The mask, known as a continuous positive airway pressure (CPAP) device, is worn at night over the nose and mouth.
It is widely used by people with obstructive sleep apnoea — where the soft tissue of the throat collapses, partially blocking the airway.
Sleep apnoea is a common cause of snoring, and the mask works by forcing a stream of compressed air into the airway which keeps it open.
Scientists have now discovered that this technique may also hold benefits for patients with diabetic retinopathy.
This is where high blood sugar levels damage the light-sensitive cells at the back of the eye, in an area called the retina.
These cells need a constant supply of blood, but a chronically high blood sugar level can leave blood vessels blocked or leaking, leading to blindness if not treated properly.
Forty per cent of people with type 1 diabetes and 20 per cent of those with type 2 diabetes have some degree of retinopathy, with up to 800,000 Britons affected.
A small trial has shown that the night-time mask improves eyesight in patients with diabetic retinopathy after just six months of use.
In the study — at the Churchill Hospital in Oxford — 35 patients with diabetic retinopathy were given the treatment, and their vision improved significantly.
The devices were used every night for varying time periods, with the best results seen in those who wore it for more than two-and-a-half hours.
It’s thought the mask boosts oxygen levels in the blood which, in turn, helps reduce blood pressure.
High blood pressure is known to accelerate the damage to the delicate blood vessels in the eye.
Diabetics are more likely to suffer from sleep apnoea compared to healthy people
Interestingly, research has also shown that diabetics are more likely to suffer from sleep apnoea compared to healthy people.
It’s thought this might partly explain the sight problems linked to diabetes, raising the suggestion that diabetics who regularly snore may be at increased risk of eye damage.
Now, researchers from the Royal Victoria Infirmary in Newcastle plan a larger one-year trial on 150 patients with diabetes.
Half of them will use the mask every night, while the remainder will continue with their usual medication.
They will also have regular checks of their visual acuity — clarity or clearness of vision — as well as retina scans and blood tests to check oxygen levels.
Commenting on the research, Professor Glen Jeffery of the Institute of Ophthalmology, says: ‘This is a potentially important finding.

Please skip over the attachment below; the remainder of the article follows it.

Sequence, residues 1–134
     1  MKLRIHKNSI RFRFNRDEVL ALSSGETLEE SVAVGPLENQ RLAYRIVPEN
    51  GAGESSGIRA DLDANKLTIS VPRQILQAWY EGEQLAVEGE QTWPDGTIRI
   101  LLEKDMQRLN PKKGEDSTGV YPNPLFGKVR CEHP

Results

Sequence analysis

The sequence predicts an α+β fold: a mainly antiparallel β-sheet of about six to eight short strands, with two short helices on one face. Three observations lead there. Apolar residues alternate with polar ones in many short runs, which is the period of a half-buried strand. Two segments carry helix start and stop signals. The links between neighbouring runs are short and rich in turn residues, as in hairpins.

‘Although, initially, the results seems slightly surprising, the scientific rationale behind it makes sense.
‘The study targets problems in the eye, but in the long run it would be interesting to see if it impacts on other problems that diabetics have.
‘There are potentially big advantages if this is effective.
'It is not centred around expensive drug therapy and, hence, it may reduce the very heavy economic and social burden of diabetes.
‘Plus it may also allow the patient’s partner to get a better night’s sleep.’
Scientists have found that cinnamon may help reduce the symptoms of type 2 diabetes.
New research suggests the spice mimics the effects of insulin and triggers tissues in the body to absorb glucose.
Good glycaemic control — control of blood-sugar levels — is an important goal of diabetes care.
Researchers from Imperial College London analysed data from studies involving a total of 435 patients. Cinnamon had been used in a range of doses, from 1-6g a day.
‘Cinnamon may be a viable addition to conventional diabetes management for patients with poorly controlled blood sugar,’ say the team, writing in the journal Clinical Nutrition.
They say the effects of the spice were seen over a relatively short space of time — in some cases as little as four months.
‘Use of cinnamon showed a beneficial effect on glycaemic control and the short-term effects of the use of cinnamon looks promising.’
Other studies suggest that the herbs marjoram and sage may also help reduce the damage caused by type 2 diabetes, due to their high content of antioxidants which help lower inflammation.